Quarter of Brits have never checked for Britain’s biggest cancer
Joint Press release from
6 February 2018
A Large Number of Brits Have Never Checked for Britain’s Biggest Cancer Risk
Nearly a quarter of Brits have never checked their skin for life-threatening changes, despite a surge in skin cancer deaths over the last decade, new research suggests.
One in four (23%) adults in Britain admit they have never checked for changes in appearance or number of moles on their skin, which can be a major warning sign of the disease.
The independent study of 2,027 people1 was commissioned by skin checking app
The study also revealed that three percent had a mole they were concerned about for more than three months, but hadn’t had it checked by a medical professional. With one in 50 currently having a persistently itchy or bleeding mole.
Surprisingly, 17% of Britain’s under-35s believed they were too young or weren’t exposed to the sun enough to develop skin cancer. Just under one in 10 under-45s (9%) thought they should only check their skin if advised to by a medical professional.
The self-checking message does seem to be sinking in for some though, with nearly a third (31%) doing monthly checks – the frequency recommended by the British Skin Foundation.
Almost a fifth of under 35s are now taking ‘selfies’ to monitor their skin for moles, with 18 percent using photos to document changes.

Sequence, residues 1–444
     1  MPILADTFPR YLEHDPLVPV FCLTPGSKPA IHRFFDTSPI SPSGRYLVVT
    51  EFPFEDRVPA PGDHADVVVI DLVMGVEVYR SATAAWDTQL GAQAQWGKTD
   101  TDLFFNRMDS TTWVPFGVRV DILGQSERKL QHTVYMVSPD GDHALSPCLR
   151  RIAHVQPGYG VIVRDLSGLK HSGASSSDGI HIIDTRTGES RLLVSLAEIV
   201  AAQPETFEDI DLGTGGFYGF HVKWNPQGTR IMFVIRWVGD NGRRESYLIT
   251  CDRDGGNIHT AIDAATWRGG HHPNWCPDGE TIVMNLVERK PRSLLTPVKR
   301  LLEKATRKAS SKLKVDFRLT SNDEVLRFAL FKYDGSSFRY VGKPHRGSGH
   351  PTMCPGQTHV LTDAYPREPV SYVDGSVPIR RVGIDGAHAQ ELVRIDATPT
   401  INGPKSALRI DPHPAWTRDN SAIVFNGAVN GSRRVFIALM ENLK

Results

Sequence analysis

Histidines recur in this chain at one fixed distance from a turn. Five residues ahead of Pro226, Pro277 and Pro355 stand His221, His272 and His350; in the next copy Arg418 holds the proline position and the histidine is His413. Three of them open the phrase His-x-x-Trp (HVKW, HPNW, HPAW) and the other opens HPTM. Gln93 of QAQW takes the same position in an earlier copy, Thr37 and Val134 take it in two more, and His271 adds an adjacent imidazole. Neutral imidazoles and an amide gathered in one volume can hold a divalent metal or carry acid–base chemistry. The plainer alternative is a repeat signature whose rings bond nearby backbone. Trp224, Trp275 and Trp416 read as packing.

However, people are still taking risks with their skin health. One in 10 (11%) use tanning beds – 13% of which admit to sessions once or multiple times a week.
Only two-fifths of Brits (38%) say they always use sun cream when exposed to the sun and despite warnings about the dangers one in 20 under 35s (5%) say they rely on sunbeds for a winter tan.
Skin cancer is on the rise in Britain, with more than 100,000 new cases diagnosed annually and 2,500 deaths from the disease every year. Latest Government statistics3 indicate a 35.8% 10-year rise in skin cancer deaths.
Jon Friis, founder
Skin cancer is mainly caused by over-exposure to ultraviolet (UV) light. Non-melanoma skin cancers are the most common, with melanoma being one of the most dangerous.
On Sunday (4 February – World Cancer Day)
Notes to editors
1 Walnut Unlimited interviewed a nationally representative sample of 2,027 adults aged 18+ across GB between 12-15 January 2018. Surveys were conducted online and the results have been weighted and are representative of GB adults aged 18+. Walnut Unlimited is a member of the British Polling Council and abides by its rules. The survey was commissioned by
2 For one month (6 February – 6 March 2018) downloads of the
3 Latest ONS cancer statistics, May 2017. Table 12. Registrations of death from cancer: site and sex, England, 2005 to 2015. Based on malignant melanoma of the skin data.
Crucially, the app does not try to diagnose skin cancer or tell users that they are at risk or not. The detection of skin cancer is complex and should only be undertaken by qualified doctors – not apps.
About the British Skin Foundation
The British Skin Foundation is the only UK charity dedicated to raising funds for all skin diseases and skin cancer research. Their unwavering commitment to funding quality research means they won’t stop until they’ve found cures for common skin problems like eczema and acne through to potential killers like malignant melanoma. To
None of their work would be possible without the help of supporters and people who dedicate time and effort to fundraise for the charity and to raise awareness of skin conditions.
Kate Jones [email protected] +44 (0)161 694 3987/ +44 (0)7966 829143